Of course, polling of this nature should be taken with a few grains of salt. For one, PPP is a Left-leaning outfit. Additionally, being that it is only January 2019, and polls are only as good as the people willing to actually take them, these results are far from certain. The idea that Bernie Sanders would best a sitting Republican president, even one as divisive as Trump, is laughable. Moreover, we know from 2016 how spectacularly wrong pollsters were when it came to who was going to win the White House.
Trending: April 12, 1776: The Day North Carolina Became “First in Freedom” and Launched the American Revolution
A lot will happen between now and election day 2016, so patterns in place now in no way indicate how the chips will fall in November 2020.
Still, there are quite a few interesting results of these polls, particularly in regards to sdown ballot politicians.
“[Gov. Roy] Cooper is also the only sitting official with a positive approval rating in the state right now. Besides Trump’s negative approval Richard Burr comes in at 33/36 and Thom Tillis who is up for reelection next year comes in at 31/37. Cooper leads 5 potential Republican opponents for next year by anywhere from 4 to 14 points. The closest possible contest is a rematch with McCrory- Cooper would start out ahead 45-41. The only other Republican who keeps Cooper to a single digit edge is Tillis who would trail him 46-37 if he decided to try to get back into state politics. […]”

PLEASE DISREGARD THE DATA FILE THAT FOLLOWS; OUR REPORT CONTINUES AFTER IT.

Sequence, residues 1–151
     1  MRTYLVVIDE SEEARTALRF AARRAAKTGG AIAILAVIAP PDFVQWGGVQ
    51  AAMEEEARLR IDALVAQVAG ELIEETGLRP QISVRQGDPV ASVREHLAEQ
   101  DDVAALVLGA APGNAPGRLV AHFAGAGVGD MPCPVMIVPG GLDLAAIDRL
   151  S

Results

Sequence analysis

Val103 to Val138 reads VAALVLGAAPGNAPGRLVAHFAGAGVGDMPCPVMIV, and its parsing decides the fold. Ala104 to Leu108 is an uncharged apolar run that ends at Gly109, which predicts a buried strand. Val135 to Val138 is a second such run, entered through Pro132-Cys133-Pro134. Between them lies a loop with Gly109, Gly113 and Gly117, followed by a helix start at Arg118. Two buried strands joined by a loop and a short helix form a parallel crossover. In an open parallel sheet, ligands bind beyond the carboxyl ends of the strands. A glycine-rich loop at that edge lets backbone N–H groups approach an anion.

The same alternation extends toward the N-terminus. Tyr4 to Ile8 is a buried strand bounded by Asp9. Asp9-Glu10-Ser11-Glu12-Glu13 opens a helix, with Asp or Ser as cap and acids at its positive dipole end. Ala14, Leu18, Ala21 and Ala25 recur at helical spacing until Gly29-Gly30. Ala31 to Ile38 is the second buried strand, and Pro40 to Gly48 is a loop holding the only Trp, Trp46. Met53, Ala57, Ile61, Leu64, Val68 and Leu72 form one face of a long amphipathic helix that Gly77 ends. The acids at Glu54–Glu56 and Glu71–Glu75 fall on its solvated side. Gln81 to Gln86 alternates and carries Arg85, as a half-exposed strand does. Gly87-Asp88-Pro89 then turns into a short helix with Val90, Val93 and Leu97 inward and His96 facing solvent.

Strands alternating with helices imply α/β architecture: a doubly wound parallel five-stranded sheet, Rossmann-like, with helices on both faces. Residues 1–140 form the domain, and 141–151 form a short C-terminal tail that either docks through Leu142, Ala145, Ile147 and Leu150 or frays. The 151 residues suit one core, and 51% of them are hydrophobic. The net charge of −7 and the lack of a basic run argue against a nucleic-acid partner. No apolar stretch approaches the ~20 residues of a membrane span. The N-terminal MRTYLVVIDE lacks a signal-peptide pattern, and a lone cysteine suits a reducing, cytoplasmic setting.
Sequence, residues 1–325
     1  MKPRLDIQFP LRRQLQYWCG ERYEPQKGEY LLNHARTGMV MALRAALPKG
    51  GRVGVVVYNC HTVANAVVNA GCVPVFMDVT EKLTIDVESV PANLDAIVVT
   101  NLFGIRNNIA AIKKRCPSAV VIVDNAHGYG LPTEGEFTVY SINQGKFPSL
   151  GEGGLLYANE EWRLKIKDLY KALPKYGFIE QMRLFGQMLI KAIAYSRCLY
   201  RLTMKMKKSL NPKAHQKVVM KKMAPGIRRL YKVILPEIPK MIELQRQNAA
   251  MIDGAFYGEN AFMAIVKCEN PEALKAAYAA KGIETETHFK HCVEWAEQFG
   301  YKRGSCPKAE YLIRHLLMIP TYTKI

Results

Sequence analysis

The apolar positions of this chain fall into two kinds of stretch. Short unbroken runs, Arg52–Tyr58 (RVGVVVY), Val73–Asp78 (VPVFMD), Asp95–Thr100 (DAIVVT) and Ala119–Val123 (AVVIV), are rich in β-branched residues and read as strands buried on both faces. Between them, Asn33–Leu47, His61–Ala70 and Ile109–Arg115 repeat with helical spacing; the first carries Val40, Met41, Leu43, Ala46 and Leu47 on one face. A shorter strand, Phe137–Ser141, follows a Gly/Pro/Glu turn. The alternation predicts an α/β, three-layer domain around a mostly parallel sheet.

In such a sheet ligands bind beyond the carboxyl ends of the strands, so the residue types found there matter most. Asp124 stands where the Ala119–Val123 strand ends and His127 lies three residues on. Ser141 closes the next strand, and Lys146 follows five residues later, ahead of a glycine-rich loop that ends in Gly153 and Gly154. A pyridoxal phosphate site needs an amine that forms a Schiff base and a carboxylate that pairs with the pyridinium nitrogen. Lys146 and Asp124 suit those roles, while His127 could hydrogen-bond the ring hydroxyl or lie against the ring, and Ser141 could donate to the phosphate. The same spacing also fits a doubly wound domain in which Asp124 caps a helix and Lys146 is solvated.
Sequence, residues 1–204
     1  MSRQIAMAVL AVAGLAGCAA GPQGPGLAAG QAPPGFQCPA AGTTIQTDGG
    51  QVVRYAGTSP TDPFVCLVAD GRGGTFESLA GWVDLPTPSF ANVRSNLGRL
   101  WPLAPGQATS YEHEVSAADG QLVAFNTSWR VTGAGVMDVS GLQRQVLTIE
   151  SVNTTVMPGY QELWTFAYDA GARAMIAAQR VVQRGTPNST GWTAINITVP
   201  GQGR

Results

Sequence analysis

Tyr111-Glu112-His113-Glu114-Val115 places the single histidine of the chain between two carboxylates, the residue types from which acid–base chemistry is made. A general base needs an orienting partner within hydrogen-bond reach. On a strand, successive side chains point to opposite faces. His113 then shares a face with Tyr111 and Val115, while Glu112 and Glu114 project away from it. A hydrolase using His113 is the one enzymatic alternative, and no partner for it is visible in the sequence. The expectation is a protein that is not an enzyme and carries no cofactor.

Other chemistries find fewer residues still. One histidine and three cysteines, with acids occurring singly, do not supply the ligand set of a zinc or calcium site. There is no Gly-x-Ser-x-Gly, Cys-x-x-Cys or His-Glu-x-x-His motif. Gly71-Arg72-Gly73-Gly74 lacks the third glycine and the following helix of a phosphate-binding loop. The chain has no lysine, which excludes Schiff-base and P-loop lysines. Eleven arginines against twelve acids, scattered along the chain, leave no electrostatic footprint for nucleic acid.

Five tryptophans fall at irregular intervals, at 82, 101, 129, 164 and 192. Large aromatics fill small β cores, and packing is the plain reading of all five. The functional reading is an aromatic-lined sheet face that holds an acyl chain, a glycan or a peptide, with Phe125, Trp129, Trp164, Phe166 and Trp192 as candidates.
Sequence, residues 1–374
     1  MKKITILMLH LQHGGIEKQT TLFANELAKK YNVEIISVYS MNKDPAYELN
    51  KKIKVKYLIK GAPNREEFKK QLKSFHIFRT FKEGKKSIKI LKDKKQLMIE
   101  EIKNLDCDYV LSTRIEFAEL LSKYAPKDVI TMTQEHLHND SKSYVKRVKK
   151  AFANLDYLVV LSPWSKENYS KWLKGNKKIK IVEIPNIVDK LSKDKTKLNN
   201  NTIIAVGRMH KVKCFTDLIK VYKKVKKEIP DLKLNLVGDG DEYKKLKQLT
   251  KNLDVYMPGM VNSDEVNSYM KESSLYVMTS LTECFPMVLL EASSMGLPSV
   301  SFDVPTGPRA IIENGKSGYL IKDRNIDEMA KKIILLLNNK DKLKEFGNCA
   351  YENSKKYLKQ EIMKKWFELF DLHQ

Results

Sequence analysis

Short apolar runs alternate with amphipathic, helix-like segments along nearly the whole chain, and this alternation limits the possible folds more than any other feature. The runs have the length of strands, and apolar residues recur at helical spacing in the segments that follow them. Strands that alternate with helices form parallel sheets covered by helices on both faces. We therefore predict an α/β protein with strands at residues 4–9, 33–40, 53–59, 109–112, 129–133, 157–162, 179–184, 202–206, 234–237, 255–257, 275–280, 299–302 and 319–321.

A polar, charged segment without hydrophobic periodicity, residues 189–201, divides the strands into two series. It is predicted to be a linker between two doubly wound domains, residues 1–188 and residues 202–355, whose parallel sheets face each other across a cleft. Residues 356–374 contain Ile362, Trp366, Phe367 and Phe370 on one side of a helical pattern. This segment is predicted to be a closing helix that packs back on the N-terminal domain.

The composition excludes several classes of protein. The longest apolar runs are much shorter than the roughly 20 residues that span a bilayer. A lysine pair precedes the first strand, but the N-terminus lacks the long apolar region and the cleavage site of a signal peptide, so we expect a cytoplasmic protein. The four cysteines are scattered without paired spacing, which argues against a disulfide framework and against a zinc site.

It makes sense that the sitting governor, backed by a fawning media and always playing victim of the Republican legislature, would have a positive approval rating. It also makes sense that a statewide elected U.S. Senator like Thom Tillis would be underwater – he is disliked by partisan Democrats, and loathed by principled grassroots Republicans.
But the fact that these polling results show former Pat McCrory as the closest challenger to Cooper is merely a matter of familiarity among the voting base. Many people couldn’t pick the lieutenant governor, N.C. House Speaker, or N.C. Senate leader out of a line up, and it shows in the numbers.